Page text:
The mass exodus of pay-TV subscribers continues for Time Warner Cable Inc., which reported 2014 fourth-quarter and full-year earnings Thursday morning, missing analysts’ estimates. The second-largest U.S. cable company posted a quarterly net loss of 38,000 residential video subscribers.

That’s a lot of people who have decided they can live without traditional cable television, and it falls in line with a Leichtman Research Group report showing the top 13 cable and satellite providers hemorrhaged a combined 150,000 pay-TV subscribers during the prior quarter.

For the full year, TWC’s video subscribers dropped by 300,000 to 10.8 million.  

You’ll hear a lot about “cord-cutting” following TWC’s earnings report, but that term is a bit of a misnomer. The company more than made up for the decline in pay-TV customers with a dramatic gain of 168,000 high-speed Internet customers, greater than analysts had expected. TWC also reported net increases in residential voice service and triple-play subscribers. All told, TWC gained 67,000 new customers for the three months ended Dec. 31.

Customers aren’t cutting cable cords so much as they’re changing what flows through them. “TWC had its best fourth-quarter ever in residential voice and triple-play net additions,” Vijay Jayant, an analyst with Evercore ISI, said in a Thursday research note. “[W]e believe the push to drive ‘skinny’ packages and the overall bundle was clearly a force in the quarter.”

Cable companies are essentially transforming into broadband companies. Over the past year, Time Warner Cable completed its rollout of Internet speeds of 300 megabytes per second in New York and Los Angeles, and expects to do the same for Austin, Texas, this year, in addition to expanding its high-speed TWC Maxx service to Dallas, San Antonio, San Diego, Kansas City and elsewhere.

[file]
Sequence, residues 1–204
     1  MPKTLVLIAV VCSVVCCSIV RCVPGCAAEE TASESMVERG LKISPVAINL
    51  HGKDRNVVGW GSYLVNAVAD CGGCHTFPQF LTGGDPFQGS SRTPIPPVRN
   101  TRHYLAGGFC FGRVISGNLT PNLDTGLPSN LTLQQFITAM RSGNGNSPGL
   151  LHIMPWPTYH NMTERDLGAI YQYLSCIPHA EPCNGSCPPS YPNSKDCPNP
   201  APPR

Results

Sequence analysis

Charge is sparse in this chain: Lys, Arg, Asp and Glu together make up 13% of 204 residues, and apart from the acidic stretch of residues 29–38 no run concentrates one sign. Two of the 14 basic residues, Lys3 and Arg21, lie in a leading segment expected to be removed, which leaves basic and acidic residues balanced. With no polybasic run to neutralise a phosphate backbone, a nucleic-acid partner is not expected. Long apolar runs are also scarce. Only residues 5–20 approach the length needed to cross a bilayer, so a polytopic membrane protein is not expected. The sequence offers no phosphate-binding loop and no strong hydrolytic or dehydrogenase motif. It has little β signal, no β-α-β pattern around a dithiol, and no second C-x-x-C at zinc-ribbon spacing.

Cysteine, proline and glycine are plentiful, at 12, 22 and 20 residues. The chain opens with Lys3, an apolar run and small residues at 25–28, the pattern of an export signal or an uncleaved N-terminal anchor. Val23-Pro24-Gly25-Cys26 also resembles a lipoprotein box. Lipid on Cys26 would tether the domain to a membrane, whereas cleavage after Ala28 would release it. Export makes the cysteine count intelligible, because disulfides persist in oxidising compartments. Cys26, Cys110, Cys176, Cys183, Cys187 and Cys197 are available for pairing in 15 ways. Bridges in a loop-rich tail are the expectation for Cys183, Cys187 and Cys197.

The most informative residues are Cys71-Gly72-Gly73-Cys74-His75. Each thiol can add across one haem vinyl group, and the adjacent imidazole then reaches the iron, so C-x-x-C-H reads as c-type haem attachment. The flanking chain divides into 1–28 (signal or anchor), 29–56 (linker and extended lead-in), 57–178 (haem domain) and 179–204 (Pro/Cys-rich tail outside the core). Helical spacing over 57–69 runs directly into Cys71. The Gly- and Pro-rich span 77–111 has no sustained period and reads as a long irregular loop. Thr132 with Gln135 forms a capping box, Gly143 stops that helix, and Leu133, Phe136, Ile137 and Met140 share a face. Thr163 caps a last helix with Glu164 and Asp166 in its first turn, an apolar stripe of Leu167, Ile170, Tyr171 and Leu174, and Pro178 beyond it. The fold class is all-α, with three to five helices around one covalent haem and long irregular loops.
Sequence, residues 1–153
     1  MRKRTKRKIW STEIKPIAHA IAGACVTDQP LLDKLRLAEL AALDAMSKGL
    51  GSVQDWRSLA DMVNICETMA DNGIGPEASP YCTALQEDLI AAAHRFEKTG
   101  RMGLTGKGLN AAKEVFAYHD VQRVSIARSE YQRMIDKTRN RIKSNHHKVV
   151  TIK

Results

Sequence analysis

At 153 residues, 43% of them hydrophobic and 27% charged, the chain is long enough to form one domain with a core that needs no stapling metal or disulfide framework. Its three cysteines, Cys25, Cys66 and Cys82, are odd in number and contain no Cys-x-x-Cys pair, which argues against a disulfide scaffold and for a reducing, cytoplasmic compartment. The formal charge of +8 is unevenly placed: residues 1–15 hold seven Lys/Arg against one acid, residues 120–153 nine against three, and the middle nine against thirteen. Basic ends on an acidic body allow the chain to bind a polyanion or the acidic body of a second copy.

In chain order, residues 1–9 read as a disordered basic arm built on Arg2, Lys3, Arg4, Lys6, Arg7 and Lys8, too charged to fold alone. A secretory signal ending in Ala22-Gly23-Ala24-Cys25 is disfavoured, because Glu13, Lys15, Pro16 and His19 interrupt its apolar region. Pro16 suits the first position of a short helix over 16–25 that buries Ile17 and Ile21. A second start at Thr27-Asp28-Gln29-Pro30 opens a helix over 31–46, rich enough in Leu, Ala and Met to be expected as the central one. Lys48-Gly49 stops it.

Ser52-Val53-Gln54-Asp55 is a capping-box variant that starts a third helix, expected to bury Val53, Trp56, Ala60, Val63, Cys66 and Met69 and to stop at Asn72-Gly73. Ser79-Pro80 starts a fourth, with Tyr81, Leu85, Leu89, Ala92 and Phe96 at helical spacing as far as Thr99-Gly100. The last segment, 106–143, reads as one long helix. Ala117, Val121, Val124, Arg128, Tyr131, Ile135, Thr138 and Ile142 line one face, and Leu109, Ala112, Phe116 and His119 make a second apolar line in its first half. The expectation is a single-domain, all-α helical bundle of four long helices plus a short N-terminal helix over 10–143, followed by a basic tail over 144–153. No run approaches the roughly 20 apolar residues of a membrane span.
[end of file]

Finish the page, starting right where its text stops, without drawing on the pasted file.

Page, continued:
All this while TWC seeks to merge with a larger cable company, Comcast Corporation, a deal that TWC’s chief executive, Rob Marcus, expressed a high degree of confidence in on Thursday. “We continue to expect the Comcast merger to close soon,” Marcus said in a statement. “[U]ntil then, we remain one hundred percent committed to executing our plan.”

Still, the deal faces regulatory hurdles from federal antitrust officials. Opponents of the $45 billion merger have ramped up their lobbying efforts over the past few months, with control of broadband Internet factoring heavily in the debate. Stop Mega Comcast, a coalition of 27 companies and public interest groups opposed to the merger, believes the combined cable giant would control 50 percent of the residential high-speed access points across the country.

TWC reported quarterly adjusted earnings per share of $2.03, below the $2.08 estimate of analysts polled by Thomson Reuters. Read the full report here.  

Christopher Zara is a senior writer who covers media and culture. Got a news tip? Email me here. Follow me on Twitter @christopherzara.